Introduction: Understanding the Types of Fire Sprinkler Heads for Your Restaurant Fire Suppression System
Investing in a robust fire suppression system for your restaurant is paramount, and selecting the appropriate fire sprinkler heads is a crucial aspect of this decision. In this article, we’ll explore the different types of fire sprinkler heads available on the market, shedding light on their unique features and ideal applications. Whether you’re a restaurant owner, manager, or simply interested in fire safety, understanding these options is essential.
Types of Fire Sprinkler Heads
1. Pendant Fire Sprinkler Head:
The pendant fire sprinkler head is a familiar sight in commercial buildings and similar environments. This circular-shaped sprinkler hangs from the ceiling and releases water in a downward spray pattern. As the water hits a curved plate at the bottom of the sprinkler, it creates a conical spray, effectively covering a substantial area. Pendant fire sprinklers are valued for their versatility and are suitable for areas where rapid, widespread fire suppression is essential.
2. Upright Fire Sprinkler Head:
Functioning similarly to pendant sprinklers, upright fire sprinkler heads are installed vertically and point upwards. These sprinklers are typically placed at lower locations, such as on the floor, and use a deflector plate to create a circular spray pattern. Upright sprinklers are commonly found in complex layouts or industrial settings where overhanging machinery may obstruct pendant sprinklers’ effectiveness. They are also used in buildings without ceilings.
3. Sidewall Fire Sprinkler Head:
Sidewall fire sprinkler heads are wall-mounted and direct water spray in a specific downward direction. Unlike pendant sprinklers, sidewall sprinklers do not provide a full circular spray but are ideal for space-constrained environments. They are often used to navigate obstructions or in tighter spaces where conventional ceiling-mounted sprinklers are impractical.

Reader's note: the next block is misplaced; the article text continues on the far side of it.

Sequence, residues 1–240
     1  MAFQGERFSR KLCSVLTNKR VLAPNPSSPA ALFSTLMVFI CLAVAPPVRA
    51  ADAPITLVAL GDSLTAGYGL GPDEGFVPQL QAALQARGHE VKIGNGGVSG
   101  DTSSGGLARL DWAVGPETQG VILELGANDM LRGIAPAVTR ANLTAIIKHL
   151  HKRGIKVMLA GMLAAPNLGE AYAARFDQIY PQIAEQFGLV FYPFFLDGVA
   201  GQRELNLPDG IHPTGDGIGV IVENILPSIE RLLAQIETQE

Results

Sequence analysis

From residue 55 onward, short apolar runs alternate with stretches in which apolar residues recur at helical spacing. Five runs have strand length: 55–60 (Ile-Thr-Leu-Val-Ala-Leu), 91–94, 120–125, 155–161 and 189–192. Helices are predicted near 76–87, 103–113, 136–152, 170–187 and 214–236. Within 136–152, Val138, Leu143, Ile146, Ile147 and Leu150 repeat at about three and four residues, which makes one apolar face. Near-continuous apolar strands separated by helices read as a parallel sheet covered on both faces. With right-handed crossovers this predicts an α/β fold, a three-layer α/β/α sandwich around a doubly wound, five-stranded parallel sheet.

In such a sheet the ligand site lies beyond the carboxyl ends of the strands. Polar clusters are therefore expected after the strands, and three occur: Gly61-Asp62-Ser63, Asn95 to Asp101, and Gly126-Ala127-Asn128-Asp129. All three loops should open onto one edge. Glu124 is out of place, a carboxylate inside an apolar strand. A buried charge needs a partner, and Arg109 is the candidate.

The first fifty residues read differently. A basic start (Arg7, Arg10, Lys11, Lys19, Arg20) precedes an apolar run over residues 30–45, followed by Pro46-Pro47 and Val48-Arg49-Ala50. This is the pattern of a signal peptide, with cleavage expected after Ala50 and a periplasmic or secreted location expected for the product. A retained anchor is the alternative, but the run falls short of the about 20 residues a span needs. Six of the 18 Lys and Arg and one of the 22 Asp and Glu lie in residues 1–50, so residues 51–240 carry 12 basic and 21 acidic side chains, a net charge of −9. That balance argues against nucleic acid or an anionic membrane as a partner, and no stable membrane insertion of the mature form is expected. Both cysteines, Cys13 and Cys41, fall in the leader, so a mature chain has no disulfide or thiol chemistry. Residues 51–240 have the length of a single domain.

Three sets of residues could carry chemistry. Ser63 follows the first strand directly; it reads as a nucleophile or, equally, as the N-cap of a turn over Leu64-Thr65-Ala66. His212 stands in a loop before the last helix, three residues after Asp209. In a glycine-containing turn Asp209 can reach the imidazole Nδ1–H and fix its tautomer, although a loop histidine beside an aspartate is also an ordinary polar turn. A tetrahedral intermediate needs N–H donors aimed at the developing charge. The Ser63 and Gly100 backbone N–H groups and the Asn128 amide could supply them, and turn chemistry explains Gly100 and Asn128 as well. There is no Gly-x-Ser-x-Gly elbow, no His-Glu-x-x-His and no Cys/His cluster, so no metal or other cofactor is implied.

4. Concealed Pendent Fire Sprinkler Head:
Concealed pendent fire sprinkler heads share the design of pendant sprinklers but with a significant difference – they are engineered for aesthetic integration into the ceiling. These sprinklers are concealed within the ceiling structure, with a plate covering the bottom to blend seamlessly with the ceiling’s design. When exposed to a specific temperature threshold, the plate falls away, allowing the sprinkler to activate. This design ensures both functionality and aesthetic appeal, making concealed pendent sprinklers an excellent choice for spaces where appearance matters.
Considerations for Complex Environments
In complex building designs like restaurants, it’s not uncommon to require multiple types of fire sprinkler heads to ensure adequate coverage. For instance, rooms with heavy machinery or structural impediments may benefit from deploying various sprinkler types to overcome water dispersion challenges.
However, plumbing complexities can arise when integrating diverse fire sprinkler systems. Existing conditions may not uniformly accommodate all designs, necessitating alternative approaches to ensure comprehensive fire protection.
Choosing the right fire sprinkler heads for your restaurant’s fire suppression system is a critical safety decision. By understanding the unique characteristics and applications of pendent, upright, sidewall, and concealed pendent sprinklers, you can make an informed choice to protect your establishment and its occupants.
- “Fire prevention 101: The basics on restaurant fire safety.” (2017). Retrieved December 14, 2020, from https://www.restaurant.org/articles/operations/fire-prevention-basics-on-restaurant-fire-safety
- Campbell, R. (2020, December 12). “Structure Fires in Eating and Drinking Establishments.” Retrieved February 14, 2017, from https://www.nfpa.org/News-and-Research/Data-research-and-tools/Building-and-Life-Safety/Eating-and-drinking-establishments
During 2010-2014, an estimated average of 7,410 structure fires in eating and drinking establishments were reported to U.S. fire departments per year. These fires caused annual losses of three civilian deaths, 110 civilian injuries, and $165 million in direct property damage. Cooking equipment is the leading cause of these fires (61% of incidents). Electrical distribution and lighting equipment and heating equipment each accounted for 9% of fires. Cooking materials were the item first ignited in 43% of the fires in eating and drinking establishments. Seven out of ten (68%) of fires in eating and drinking establishments stay relatively small and do not spread beyond the object of origin.